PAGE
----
Charities and causes. Usually for individuals and smaller organizations Donors get token rewards as part of their contribution. Usually used for projects in the arts, entertainment and community/civic projects Similar to rewards-based crowdfunding, except the donations are made with the expectation that the backers will receive early versions of the product that they are funding A.k.a. “peer to peer,” “P2P,” “marketplace lending,” or “crowdlending.” Funding is aggregated into a loan, that will be paid back to the contributors. The general public invests small amounts in return for stock.
Typical Range Under $10,000 (often under $2,000) Varies widely. Average $7-10K per project. But many attract $50-$100K Varies widely; many projects attracting over $100K, to $1-$5M From “microloans” for small business >$2,500, to traditional loans in $10k – $500k range subject to personal credit approval. Brand-new SEC regulations. While companies can raise as little as $100k this is really only practical for over $500K to $5M or greater given the level of fees and preparations required.
Prominent Platforms[3] GoFundMe, CrowdRise Kickstarter, Indiegogo Kickstarter, Indiegogo Funding Circle, Lending Club, Prosper, Kiva AngelList, Crowdfunder, CircleUp, Gust[4], Seedrs, Fundable, Indiegogo


Typical Candidate Projects


Charitable causes, events Creative projects, events New product innovations Small business Established startups (post-seed)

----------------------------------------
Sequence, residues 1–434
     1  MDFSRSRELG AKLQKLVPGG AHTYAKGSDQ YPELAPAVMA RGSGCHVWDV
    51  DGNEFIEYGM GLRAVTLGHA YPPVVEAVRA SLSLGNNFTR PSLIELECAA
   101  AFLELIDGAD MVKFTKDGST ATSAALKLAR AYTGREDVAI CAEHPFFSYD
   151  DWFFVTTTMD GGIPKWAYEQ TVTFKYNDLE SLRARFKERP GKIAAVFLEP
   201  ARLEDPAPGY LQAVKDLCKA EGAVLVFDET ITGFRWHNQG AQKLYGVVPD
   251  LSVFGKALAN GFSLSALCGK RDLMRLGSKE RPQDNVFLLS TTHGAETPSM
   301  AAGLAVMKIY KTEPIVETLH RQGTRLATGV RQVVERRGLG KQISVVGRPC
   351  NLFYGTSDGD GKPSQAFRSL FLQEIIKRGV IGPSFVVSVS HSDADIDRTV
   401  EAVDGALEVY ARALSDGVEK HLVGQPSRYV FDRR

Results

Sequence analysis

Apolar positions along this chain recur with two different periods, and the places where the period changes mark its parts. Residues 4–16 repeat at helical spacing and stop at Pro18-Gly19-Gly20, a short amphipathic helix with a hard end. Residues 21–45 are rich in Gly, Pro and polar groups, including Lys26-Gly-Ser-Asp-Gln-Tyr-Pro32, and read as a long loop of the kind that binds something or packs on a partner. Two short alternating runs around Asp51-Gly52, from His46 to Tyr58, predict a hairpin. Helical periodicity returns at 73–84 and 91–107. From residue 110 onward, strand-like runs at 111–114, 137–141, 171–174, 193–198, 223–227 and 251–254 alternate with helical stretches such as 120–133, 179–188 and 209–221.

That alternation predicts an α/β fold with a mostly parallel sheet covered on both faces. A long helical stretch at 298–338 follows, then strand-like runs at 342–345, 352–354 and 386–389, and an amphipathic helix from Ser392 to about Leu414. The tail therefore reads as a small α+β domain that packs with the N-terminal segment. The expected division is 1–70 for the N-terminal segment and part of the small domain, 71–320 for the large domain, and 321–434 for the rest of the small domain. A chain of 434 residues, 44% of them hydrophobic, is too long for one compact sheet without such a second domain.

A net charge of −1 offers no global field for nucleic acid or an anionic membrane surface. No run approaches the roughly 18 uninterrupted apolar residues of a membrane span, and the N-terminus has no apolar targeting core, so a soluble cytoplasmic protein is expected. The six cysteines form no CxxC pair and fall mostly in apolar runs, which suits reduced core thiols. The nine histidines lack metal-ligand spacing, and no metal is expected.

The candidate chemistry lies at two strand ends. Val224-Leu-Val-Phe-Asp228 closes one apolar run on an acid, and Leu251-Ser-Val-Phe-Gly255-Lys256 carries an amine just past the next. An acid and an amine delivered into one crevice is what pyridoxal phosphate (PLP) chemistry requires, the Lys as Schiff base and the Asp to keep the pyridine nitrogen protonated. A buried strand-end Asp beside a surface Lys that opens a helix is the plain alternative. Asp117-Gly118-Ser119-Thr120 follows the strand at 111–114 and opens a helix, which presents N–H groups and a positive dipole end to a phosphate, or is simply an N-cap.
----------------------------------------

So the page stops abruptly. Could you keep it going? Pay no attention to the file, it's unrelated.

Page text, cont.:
Advantages (for entrepreneurs) Allows entrepreneurs to efficiently solicit funding from friends and family (who primarily want to help the entrepreneur, personally) Solicits funding from advocates passionate about the idea, as well as feedback and advice Pre-order (advance sales) provide valuable market validation as well as product funding. Funding for small businesses that otherwise would not qualify for bank loans Circumvents the venture capital industry and allows for raising significant funding by going directly to the public
Disadvantages (for Entrepreneurs)


Practical for small amounts only Practical for nominal fundraising, but does not always prove customer demand for a specific product. Pre-order commitments can be very risky (selling a product that does not yet exist). P2P lending requires repayment, and usually personal guarantees. Significant overhead costs in preparing. Regulations still in flux